Korea is close behind in its IPv6 focus, in part because it has cooperation agreements with Japan, but primarily because Korea’s government has exhibited tremendous vision and competence, including the early adoption of CDMA while hundreds of other governments, lemming-like, moved to TDMA (GSM). CDMA is the basis for 3G, and Korea uses, produces and exports more 3G phones per capita than any other country. Korea also has the highest per capita penetration of broadband, Wi-Fi hotspots, and online games.  Japan and Korea head up the first tier of IPv6-competent governments, the Class A group.

The Department of Defense has mandated transition to IPv6 by 2008, and is working hard to assist other US government agencies with their own IPv6 transition, primarily Dept. of Commerce, Dept. of Homeland Security, and the security parts of the Dept. of Transportation. At this point the US federal government would be well-served to mandate IPv6 for the entire government: and such an announcement would galvanize the business community and the media, allowing the US potentially to catch up with Japan and Korea. The early bird gets the billions: Qualcomm’s 70 year old founder CEO Irwin Jacobs announced that the CDMA pioneer’s profits were up 46%, as QCOM’s market cap was $53 billion. Think of that: a technology whose rough draft first patented (spread spectrum) by the first woman to appear totally nude in a movie (Hedy Lamar) inspired by piano playing in 1947 is updated for the same improvements as IPv6 is – security, mobility, and ad hoc networking – earlier in San Diego, and BOOM there are hundreds of companies that now trace their lineage (founders were employees at related companies) to Irwin Jacobs’ companies. Being a protocol pioneer is richly rewarded on this world.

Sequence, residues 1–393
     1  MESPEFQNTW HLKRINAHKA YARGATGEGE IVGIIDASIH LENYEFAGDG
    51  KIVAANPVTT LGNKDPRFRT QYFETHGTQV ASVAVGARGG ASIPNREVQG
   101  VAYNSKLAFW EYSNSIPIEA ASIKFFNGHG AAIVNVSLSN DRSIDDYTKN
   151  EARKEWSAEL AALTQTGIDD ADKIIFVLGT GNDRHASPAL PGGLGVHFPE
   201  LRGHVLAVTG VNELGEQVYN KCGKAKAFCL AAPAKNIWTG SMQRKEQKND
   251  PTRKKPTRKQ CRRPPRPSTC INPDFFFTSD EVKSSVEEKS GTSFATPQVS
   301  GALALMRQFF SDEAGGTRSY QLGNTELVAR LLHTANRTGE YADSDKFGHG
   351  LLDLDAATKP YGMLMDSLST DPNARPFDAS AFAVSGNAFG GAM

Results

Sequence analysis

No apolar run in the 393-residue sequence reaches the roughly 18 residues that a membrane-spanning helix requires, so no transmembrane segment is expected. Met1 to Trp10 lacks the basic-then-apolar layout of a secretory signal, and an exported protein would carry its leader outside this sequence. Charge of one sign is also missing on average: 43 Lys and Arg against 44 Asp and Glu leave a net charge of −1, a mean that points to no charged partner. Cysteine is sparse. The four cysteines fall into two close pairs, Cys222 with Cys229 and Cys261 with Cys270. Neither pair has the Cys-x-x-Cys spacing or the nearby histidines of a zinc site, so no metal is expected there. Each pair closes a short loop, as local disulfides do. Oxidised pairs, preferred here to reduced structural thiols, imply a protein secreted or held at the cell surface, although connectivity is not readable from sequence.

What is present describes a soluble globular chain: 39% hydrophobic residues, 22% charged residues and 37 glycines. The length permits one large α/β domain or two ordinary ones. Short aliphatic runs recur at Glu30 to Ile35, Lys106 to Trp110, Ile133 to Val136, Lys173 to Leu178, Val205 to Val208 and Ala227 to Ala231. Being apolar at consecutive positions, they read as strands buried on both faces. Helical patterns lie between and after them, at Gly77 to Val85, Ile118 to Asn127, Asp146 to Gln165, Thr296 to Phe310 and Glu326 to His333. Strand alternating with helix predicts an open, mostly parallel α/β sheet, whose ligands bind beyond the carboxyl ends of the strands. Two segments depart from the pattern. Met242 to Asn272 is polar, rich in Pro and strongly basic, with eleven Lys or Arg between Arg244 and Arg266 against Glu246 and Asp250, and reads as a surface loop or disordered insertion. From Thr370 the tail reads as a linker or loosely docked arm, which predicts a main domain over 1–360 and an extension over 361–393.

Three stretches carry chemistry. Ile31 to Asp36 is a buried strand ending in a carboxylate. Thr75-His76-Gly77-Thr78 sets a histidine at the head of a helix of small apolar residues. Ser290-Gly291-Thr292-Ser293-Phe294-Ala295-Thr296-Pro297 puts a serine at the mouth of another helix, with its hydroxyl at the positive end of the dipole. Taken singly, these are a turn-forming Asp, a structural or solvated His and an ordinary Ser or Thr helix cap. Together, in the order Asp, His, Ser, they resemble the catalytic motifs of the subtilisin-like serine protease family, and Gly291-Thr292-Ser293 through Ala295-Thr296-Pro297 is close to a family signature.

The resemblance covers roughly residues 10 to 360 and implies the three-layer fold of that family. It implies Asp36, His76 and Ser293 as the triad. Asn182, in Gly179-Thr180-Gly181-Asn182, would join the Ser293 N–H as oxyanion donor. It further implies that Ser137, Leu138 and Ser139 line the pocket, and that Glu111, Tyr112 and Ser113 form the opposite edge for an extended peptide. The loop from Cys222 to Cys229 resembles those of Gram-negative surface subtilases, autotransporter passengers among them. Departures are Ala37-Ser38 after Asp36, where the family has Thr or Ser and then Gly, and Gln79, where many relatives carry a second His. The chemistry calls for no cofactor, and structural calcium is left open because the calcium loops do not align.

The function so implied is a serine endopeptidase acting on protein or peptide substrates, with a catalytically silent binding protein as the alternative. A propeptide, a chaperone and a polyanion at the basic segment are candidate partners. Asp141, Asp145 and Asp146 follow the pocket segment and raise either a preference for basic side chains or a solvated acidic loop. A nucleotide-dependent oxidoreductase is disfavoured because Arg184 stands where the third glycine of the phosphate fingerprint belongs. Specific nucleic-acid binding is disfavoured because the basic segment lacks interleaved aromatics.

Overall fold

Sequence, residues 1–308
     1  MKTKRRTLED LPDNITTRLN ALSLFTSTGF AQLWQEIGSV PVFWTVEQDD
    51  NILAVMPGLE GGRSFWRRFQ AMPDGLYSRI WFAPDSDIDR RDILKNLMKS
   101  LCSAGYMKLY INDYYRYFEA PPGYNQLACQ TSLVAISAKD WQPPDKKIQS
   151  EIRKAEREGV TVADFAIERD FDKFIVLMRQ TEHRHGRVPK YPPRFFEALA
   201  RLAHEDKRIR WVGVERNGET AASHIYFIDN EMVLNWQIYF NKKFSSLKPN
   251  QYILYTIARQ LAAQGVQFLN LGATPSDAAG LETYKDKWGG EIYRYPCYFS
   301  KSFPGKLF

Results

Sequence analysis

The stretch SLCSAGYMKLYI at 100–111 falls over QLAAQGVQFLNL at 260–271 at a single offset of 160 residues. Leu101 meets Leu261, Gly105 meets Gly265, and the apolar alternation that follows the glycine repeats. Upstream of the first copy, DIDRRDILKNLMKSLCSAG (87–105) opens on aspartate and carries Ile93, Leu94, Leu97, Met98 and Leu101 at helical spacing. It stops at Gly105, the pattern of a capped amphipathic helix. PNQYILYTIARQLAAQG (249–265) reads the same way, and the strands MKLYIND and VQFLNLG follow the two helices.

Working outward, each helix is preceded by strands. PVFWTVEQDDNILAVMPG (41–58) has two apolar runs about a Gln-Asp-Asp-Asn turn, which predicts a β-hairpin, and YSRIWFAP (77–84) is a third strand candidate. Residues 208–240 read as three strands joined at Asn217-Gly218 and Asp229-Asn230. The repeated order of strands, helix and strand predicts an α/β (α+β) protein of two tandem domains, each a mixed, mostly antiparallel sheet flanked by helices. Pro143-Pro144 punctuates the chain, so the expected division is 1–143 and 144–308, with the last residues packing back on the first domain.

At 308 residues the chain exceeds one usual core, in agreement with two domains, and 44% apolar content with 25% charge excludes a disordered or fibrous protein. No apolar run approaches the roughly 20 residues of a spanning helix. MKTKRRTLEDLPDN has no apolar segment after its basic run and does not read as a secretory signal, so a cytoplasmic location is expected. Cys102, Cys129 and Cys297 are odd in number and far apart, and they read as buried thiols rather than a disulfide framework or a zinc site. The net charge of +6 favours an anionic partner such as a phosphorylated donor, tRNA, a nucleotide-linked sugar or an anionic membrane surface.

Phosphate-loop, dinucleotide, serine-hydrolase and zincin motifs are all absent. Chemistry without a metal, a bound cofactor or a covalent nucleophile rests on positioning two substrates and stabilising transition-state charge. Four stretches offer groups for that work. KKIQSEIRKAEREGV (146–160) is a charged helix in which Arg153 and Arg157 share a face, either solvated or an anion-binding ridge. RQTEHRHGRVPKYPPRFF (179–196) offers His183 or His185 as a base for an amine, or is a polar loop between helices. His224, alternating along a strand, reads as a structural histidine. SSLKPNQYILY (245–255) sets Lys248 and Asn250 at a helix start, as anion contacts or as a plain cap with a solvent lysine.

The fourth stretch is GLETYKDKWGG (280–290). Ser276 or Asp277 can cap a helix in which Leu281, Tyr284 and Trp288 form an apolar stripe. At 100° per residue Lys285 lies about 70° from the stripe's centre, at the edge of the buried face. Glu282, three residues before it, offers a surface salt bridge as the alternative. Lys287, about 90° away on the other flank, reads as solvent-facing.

As it is, US adoption of IPv6 is roughly matched by Spain, Sweden, Finland, Belgium, Switzerland, Austria, Taiwan, and Singapore. Australia is close to this second tier or Class B group, but suffers from outspoken IPv6 detractors. The European Union, through its $100 billion R & D arm, the European Commission, has tried to mandate IPv6, but doesn’t have the power to compel that national government organs do, but the EC’s efforts are a key reason that Europe is still in the technology game at all, given the fierce competition with the US and East Asia in Internet-related products and services.In the third tier are India, Canada, Germany, and the UK – about a year or so behind the second tier. Malaysia and Singapore are close followers, with governments that are in a great position to mandate IPv6 as a support for their national champions.

China puts on a good show about IPv6, but has limited institutional capacity, R & D, and software design capabilities. National router champ Huawei is a shameless copier of US technology rather than a pioneer, and shutting down 8,700 Internet cafes isn’t the sort of action of a government serious about leading in the Internet takes. China has three big assets: 1. CNGI (China Next Gen Internet initiative, a $170 million project that is intended to advance IPv6), 2. An alliance with Japan and Korea, which will probably enable China to save hundreds of millions in R & D, and 3. the biggest mobile phone market (25% of the world’s 1.3 billion mobile users), who can be switched into a 500 million mobile Internet smart mob by 2006. This is a huge market, and only the top mobile IPv6 companies will have a shot at this business.